Canada: From Asahi ‘Globe’


The Asahi Shinbun has been issuing 8 pages special features twice a month for several years now.  Its contents, topics are quite unique, and I enjoy reading them very much.

As the title shows, each issue analyzes ‘The Globe and Japan’ from different perspectives and from a very large point of view.  They are truly nice special issues.  I imagine that this idea came from the Editor-in-Chief, Mr. Funabashi because it reflects what he has been in various global stages..
What makes this even more impressive is that all articles are available for reading‘On-line’ (in Japanese) After they are printed on the newspapers they will post full articles within several days.

The new April 21st issue focused on ‘Canada’.   I was also interviewed perhaps because I have broad connections with faculties and students of Canadian universities (Ref.1) (Please search by keyword of ‘Canada’ for more columns in this web site).

This feature begins like this; ‘Japan and Canada both has a risk of being overlooked because of the super-powers beside them.  How to cope with this circumstance is our challenge for the 21st century….   In meetings of Japanese and Canadian university faculties such topic was raised…..’  Please read for yourself and find out how it continues.  Canada has a population of about 10% of the U.S.A, and so do Japan which is 10% of China.  The article is of quite interest in discussing how Canada manages to collaborate with the Giant neighbor, U.S.A on one hand and keep one’s identity on the other hand.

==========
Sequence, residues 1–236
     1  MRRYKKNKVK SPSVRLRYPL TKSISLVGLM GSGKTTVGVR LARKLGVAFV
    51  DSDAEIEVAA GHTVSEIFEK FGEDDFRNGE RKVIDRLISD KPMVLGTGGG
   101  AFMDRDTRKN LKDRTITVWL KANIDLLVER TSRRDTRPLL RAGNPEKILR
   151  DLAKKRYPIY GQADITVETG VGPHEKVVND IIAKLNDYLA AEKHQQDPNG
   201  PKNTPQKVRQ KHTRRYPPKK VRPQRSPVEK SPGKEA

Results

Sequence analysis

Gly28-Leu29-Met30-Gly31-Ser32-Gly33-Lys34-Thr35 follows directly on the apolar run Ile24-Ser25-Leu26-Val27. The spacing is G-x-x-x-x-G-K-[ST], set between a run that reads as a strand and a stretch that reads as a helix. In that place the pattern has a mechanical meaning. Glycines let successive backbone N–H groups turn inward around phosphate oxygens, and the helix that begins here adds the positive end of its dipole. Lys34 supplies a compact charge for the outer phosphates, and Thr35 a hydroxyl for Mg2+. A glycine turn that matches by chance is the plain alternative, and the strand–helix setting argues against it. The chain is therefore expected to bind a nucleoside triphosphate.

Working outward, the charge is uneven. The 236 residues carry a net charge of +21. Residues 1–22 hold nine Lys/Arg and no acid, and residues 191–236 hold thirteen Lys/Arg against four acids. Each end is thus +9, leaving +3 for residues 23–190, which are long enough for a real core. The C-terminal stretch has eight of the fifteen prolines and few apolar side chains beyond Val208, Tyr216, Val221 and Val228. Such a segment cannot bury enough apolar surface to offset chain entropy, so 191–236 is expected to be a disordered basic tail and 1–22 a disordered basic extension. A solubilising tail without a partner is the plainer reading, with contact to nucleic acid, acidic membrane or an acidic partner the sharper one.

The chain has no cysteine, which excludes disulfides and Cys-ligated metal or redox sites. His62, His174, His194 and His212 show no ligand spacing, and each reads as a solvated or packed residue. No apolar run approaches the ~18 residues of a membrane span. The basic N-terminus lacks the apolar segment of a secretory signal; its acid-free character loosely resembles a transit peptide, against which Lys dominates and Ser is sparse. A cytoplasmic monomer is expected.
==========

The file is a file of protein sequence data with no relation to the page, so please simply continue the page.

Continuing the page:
Canada is one of my favorite countries, too.  To put it in one sentence, I might describe Canada as ‘a country that inherited the good things of Great Britain and put away with the social classes of the British society.’  ‘The good things of Great Britain’ would be; that with a bit of socialism, its functioning democratic system, quality higher education, has a number of wonderful universities.  Regarding the health care system of Canada which is run as a core public sector as Michael Moore shows in his film, the quality of care is high, co-payments are low for the patients, and is trusted from the people.  The quality of physicians and faculties are also superb.

Canada was the country least affected by the financial crisis in 2008.  The banks stayed outside sub-primes.

I came to Toronto yesterday.  At dinner, I heard that even in Calgary, a city of 1.3 million, large proportion of local residents has habit of not locking the entrance door of their homes.  A good old life style still remains.  This episode is introduced in the film of Michael Moore, too.

I have one request to the Asahi Shinbun.  Why not have such wonderful features translated in English, on its ‘On-line’ version at least?  It is very ‘mottainai (wasting good things)’ to limit the readers to Japanese only.